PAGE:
Assemblywoman Addie Russell (D-Theresa) Russell is talking up the elimination of what she says are “harmful education cuts.”
Russell has attended a series of meetings with North Country school superintendents to discuss the challenges facing North Country school districts ahead of impending state budget negotiations.
She signed a letter to the governor, along with dozens of her legislative colleagues, before he presented his budget requesting $1.9 billion in additional funding to schools this year. She says she is now fighting for that funding level to be in the final budget.
“It is clear that our schools cannot afford another year of cuts,” Russell said. “If we are serious about preparing our students to compete and be successful in the world economy, we have to end the Gap Elimination Adjustment and begin to reverse its harmful cuts.”
Implemented as a temporary fix in 2010 to close a state budget deficit, the Gap Elimination Adjustment (GEA) has cost schools across New York more than $8 billion in lost state aid. To offset the cuts, school districts across the North Country have been forced to lay off staff and cut programs, resulting in increased class sizes and the elimination of business, literacy, foreign language, advanced placement, sports, art and music programs.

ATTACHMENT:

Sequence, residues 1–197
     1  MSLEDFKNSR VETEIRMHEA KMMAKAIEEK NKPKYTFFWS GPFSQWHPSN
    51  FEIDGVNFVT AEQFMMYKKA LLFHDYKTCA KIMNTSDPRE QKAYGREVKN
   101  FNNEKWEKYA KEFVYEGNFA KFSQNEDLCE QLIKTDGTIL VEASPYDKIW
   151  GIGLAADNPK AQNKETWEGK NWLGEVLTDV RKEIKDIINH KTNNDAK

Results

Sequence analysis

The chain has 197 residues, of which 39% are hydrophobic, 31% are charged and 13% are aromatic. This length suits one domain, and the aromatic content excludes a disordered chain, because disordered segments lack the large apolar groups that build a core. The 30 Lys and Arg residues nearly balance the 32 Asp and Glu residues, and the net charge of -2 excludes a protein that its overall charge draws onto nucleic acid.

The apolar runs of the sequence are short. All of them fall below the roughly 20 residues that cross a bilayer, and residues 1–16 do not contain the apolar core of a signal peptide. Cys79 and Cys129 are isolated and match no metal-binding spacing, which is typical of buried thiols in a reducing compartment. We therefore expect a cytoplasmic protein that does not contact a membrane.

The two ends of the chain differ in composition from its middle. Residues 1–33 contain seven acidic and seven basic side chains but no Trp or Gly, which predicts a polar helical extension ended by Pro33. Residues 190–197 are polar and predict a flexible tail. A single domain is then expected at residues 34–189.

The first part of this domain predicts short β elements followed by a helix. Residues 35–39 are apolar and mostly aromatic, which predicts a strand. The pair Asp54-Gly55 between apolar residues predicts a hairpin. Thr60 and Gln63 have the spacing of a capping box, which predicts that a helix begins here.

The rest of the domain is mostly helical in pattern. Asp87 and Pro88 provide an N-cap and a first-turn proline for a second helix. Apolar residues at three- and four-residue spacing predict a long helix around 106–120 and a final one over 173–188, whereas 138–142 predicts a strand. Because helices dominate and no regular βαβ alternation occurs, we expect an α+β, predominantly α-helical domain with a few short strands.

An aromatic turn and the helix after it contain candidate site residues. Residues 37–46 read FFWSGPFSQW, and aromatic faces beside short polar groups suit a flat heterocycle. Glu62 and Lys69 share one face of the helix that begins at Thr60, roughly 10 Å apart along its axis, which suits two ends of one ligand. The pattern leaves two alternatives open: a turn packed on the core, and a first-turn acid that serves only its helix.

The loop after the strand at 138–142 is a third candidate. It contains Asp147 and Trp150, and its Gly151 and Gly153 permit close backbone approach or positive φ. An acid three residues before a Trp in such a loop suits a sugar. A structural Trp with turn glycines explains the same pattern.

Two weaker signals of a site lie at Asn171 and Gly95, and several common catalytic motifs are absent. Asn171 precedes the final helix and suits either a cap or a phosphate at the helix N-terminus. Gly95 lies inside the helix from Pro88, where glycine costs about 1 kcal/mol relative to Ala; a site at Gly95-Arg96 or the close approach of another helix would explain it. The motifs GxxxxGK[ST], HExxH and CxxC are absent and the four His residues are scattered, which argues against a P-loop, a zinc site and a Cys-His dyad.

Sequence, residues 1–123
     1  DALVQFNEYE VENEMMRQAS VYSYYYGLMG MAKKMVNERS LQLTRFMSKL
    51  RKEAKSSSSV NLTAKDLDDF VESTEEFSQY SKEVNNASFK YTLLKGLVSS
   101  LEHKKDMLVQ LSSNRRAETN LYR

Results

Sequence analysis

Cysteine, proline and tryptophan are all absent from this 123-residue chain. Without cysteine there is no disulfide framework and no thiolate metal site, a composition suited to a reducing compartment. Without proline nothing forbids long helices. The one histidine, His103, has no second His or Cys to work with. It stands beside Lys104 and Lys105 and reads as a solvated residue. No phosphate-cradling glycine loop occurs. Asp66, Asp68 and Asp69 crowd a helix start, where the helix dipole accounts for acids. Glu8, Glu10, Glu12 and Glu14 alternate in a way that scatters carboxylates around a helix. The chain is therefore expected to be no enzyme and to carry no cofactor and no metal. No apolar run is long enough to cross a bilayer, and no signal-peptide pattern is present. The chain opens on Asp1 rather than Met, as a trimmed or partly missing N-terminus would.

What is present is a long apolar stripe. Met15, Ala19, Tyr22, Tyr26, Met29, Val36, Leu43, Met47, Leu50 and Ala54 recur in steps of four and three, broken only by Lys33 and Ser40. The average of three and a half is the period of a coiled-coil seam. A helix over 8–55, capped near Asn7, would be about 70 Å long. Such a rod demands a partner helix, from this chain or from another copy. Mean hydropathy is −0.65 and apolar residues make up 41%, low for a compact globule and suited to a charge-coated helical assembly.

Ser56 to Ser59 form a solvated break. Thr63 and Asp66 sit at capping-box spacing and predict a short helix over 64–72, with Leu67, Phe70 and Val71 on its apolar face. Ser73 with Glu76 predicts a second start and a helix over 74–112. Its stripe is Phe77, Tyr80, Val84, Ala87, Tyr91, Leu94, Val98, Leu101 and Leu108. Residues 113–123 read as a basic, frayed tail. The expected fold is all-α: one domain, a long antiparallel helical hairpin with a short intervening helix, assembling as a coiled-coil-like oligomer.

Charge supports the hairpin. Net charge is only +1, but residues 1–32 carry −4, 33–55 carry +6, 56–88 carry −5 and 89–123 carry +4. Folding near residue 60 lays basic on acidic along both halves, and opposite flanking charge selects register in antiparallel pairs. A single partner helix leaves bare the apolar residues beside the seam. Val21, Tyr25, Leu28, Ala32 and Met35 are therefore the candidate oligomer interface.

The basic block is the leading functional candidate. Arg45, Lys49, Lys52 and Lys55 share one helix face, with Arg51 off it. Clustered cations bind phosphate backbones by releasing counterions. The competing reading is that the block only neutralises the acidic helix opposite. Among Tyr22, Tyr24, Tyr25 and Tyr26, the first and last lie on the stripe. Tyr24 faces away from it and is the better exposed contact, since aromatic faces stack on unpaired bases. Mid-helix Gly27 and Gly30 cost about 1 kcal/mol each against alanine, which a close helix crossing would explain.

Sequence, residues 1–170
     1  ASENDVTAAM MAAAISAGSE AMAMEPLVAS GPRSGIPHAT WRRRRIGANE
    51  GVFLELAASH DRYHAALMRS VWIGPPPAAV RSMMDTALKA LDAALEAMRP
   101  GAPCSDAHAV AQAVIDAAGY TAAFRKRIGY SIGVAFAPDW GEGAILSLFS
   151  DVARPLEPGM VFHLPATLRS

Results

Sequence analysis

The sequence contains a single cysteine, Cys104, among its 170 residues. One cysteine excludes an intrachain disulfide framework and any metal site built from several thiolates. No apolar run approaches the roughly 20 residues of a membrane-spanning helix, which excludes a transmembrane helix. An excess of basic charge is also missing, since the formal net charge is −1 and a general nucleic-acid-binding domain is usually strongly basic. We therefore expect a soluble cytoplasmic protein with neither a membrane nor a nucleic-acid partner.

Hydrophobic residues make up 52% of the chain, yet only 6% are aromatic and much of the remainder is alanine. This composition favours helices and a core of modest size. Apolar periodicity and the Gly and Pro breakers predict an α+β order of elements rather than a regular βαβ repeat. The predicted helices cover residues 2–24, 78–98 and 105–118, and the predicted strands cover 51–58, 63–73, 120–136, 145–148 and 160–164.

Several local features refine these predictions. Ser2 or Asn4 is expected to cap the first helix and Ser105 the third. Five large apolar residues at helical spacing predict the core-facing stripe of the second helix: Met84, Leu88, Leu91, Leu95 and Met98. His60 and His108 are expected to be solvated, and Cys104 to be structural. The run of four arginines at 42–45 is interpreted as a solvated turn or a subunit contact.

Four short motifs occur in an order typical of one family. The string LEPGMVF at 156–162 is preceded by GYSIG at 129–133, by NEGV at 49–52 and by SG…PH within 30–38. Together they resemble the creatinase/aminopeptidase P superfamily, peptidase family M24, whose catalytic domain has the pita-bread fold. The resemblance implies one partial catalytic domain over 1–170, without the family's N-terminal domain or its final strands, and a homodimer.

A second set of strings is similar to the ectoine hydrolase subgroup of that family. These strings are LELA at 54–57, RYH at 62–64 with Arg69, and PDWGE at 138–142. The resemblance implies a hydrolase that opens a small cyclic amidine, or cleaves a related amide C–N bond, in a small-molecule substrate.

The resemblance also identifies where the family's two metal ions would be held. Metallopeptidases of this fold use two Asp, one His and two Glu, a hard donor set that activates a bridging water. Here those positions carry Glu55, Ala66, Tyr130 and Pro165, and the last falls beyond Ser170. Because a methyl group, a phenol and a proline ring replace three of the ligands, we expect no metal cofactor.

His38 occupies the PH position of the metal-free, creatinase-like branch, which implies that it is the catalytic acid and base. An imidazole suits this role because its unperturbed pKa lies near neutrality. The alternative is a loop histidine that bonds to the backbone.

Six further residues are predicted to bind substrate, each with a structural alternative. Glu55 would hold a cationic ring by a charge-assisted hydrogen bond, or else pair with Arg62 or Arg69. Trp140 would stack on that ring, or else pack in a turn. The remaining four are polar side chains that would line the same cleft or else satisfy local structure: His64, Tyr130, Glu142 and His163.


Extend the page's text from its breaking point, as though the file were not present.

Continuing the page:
“These cuts have gone on for far too long and our schools are hurting,” Russell said. “It’s time to end this tax on our schools so they can provide the programs that keep our students engaged and have the opportunities necessary to enable our students to be successful.”
In addition to fighting to eliminate the GEA, Russell has authored a bill to address inequities in the state’s school aid formula. New York is ranked near the bottom in the country when it comes to funding equity, sending too much money to wealthy districts and not nearly enough to poorer districts, Russell said.
The bill, A.4609, known as the School Funding Equity Act, alters the formula to more accurately represent a district's financial situation, erases the requirement that all schools receive aid, and places more emphasis on how many children in a district qualify for free and reduced-price lunches as a measure of need.